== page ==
Celtics

Union rejects CBA without full membership presentation

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Union rejects CBA without full membership presentation

NEW YORK As the NBA Players Association gathered Monday, they considered many options on how to handle the latest proposal from the NBA.

One option at their disposal was to present it to the full membership, an option - much like the NBA's latest proposal - that was shot down.

"We did discuss it," said Derek Fisher, president of the now-dissolved NBPA after the union decided to file a disclaimer of interest against the NBA. "We went through our agenda, where we lay out all the information."

Fisher said the gap that existed between where the union was, and where the NBA was willing to go, "probably was not a gap that was going to be able to get closed by continuing to collective bargain."

He added, "and our executive committee and our player reps are elected to make decisions that on behalf of the general body, (if) it's not a deal that we feel will be passed by the general body or accepted by the general body, we have the ability to make those decisions and that was the decision that was made today."

While there were a number of player representatives who clearly did not like this deal, it by no means was a given that the NBA's latest offer would have been shot down had it been presented to the players.

C's point guard Rajon Rondo, who was at the meeting filling in for Celtics representative Paul Pierce (Rondo is his alternate), understands that there are a number of players who will suffer because of the decision made on Monday.

"It wasn't an easy decision," Rondo said. "But at the end of the day you can't look selfishly when you're making these decisions."

He's right.

Which is why, as this case now enters the vortex of the court system following the union's decision to file a disclaimer of interest, you have to wonder if it all could have been avoided if the union would have allowed the entire body to vote on the latest proposal.

But union leaders insisted the process coming into Monday's meeting was to simply present to the player representatives, what they came back with from negotiations with the NBA.

"We came back pretty empty handed," said Keyon Dooling, vice-president for the now-dissolved NBAPA. "We took the next step. Our main focus was to present the deal objectively so the guys could interpret it for themselves."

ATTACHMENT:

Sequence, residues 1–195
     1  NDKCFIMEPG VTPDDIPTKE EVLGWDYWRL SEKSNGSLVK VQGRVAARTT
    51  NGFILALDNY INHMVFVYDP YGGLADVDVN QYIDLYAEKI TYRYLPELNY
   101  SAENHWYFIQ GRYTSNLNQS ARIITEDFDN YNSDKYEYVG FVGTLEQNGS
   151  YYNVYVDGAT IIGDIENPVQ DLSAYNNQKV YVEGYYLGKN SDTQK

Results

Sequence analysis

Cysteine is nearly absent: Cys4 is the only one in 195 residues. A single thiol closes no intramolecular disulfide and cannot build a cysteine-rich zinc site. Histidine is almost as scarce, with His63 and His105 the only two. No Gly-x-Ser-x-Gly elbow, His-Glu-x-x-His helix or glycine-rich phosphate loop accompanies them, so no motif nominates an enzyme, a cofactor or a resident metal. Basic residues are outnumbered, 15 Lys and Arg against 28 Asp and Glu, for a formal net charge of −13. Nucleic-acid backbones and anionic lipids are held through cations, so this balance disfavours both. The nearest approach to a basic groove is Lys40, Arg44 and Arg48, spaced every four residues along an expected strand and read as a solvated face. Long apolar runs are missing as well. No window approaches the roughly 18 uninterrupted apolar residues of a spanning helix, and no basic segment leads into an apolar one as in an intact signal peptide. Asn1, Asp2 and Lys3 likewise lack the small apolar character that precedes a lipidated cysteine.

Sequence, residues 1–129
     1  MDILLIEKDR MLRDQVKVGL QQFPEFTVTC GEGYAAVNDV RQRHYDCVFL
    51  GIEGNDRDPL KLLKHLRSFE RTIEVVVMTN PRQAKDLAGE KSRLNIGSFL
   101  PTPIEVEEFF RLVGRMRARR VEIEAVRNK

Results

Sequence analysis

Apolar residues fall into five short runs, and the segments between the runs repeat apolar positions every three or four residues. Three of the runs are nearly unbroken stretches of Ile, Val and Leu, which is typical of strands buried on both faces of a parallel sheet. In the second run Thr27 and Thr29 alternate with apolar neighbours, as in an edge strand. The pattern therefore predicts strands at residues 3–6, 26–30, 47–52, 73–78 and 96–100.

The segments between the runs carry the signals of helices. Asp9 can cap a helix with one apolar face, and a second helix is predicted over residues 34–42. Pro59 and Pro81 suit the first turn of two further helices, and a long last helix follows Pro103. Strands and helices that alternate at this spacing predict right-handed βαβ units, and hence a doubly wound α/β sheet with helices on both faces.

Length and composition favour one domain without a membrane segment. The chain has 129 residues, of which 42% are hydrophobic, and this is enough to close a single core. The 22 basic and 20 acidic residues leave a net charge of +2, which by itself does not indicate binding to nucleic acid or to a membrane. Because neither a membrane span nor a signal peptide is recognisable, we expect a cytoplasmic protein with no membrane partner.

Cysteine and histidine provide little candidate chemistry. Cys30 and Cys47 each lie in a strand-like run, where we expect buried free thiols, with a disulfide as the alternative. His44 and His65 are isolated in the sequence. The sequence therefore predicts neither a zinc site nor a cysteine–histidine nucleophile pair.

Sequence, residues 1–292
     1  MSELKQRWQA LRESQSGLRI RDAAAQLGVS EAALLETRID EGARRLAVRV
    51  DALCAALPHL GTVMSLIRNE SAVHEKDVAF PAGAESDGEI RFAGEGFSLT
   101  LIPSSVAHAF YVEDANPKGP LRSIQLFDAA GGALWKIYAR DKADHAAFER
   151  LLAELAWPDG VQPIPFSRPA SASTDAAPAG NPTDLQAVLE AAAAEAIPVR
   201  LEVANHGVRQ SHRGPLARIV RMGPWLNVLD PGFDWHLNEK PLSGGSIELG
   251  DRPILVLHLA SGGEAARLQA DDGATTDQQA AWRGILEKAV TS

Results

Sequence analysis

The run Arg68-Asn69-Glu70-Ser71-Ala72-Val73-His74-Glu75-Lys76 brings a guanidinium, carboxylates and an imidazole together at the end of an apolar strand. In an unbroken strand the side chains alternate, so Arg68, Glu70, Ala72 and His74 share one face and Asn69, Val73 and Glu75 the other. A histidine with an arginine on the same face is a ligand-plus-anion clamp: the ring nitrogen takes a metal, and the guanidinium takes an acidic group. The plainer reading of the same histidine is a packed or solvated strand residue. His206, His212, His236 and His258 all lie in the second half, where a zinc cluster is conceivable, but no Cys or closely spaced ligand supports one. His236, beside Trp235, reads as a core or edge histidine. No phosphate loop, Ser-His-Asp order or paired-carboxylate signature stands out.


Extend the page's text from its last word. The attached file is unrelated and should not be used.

However, Dooling knows that there will be players upset at this decision, and who will feel that they were excluded from the process that now leaves them out of work for an indefinite period of time.

"Players in the room want to play and (don't want to) miss money as well," Dooling said. "Our body was represented. We got elected officials in there; you got the executive committee in there. We all represent the body of the guys. The guys trusted us and entrusted us to make those decisions."

And those decisions, coupled with some strong-armed negotiating tactics by the NBA, has left the union few options to pursue in bringing a resolution to the negotiating stalemate that exists between them and the NBA.

Does Kyrie regret exchange with fan in Philly? 'Hell, no'

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Does Kyrie regret exchange with fan in Philly? 'Hell, no'

WALTHAM, Mass. – The NBA has talked with  Celtics guard Kyrie Irving about disparaging comments he made to a fan at halftime that have since gone viral.

Irving said the incident happened as the Celtics were heading back to the locker room at halftime after the Celtics fell behind 50-46 to the Sixers.

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“Kyrie, where’s LeBron?” yelled the fan.

Irving replied with a lewd suggestion. 

After practice on Saturday, Irving acknowledged that he did say something to a fan and that he had a conversation with the league regarding the incident.

Regrets?

“Hell no,” Irving said. “Man enough to record it on video, that’s on him. I’m glad he got his ad name out there, and his five seconds of fame and it’s gone viral. That’s the social media platform we live on.

Irving added, “I take full responsibility for what I said. You move on.”

The league has not officially announced a fine for Irving, but it’s more a matter of when not if that will be forthcoming.

In fact, earlier today, the league fined New Orleans Pelicans center DeMarcus Cousins $25,000 for “inappropriate language” towards a fan in the Pelicans’ 103-91 loss at Memphis on Wednesday.

Celtics coach Brad Stevens had not seen the video in question but was aware that Irving had been in conversations with the league office regarding the incident.

“Guys know what the right thing to do is,” Stevens said. “People make mistakes; hopefully learn from them and move on. There’s a right and wrong. And if you’re in the wrong you have to own up to it and that’s that.”